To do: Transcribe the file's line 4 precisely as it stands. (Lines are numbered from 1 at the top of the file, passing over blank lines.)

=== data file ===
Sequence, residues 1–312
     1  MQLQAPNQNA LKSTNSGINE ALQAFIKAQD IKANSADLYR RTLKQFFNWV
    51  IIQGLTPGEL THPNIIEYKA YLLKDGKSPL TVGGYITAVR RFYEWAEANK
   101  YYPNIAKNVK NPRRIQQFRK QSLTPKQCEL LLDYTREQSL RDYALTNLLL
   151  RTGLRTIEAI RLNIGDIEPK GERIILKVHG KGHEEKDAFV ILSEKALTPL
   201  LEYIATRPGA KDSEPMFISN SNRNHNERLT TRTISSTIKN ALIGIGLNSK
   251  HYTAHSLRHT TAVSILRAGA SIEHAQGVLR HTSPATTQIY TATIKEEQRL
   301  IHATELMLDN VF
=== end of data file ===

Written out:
   101  YYPNIAKNVK NPRRIQQFRK QSLTPKQCEL LLDYTREQSL RDYALTNLLL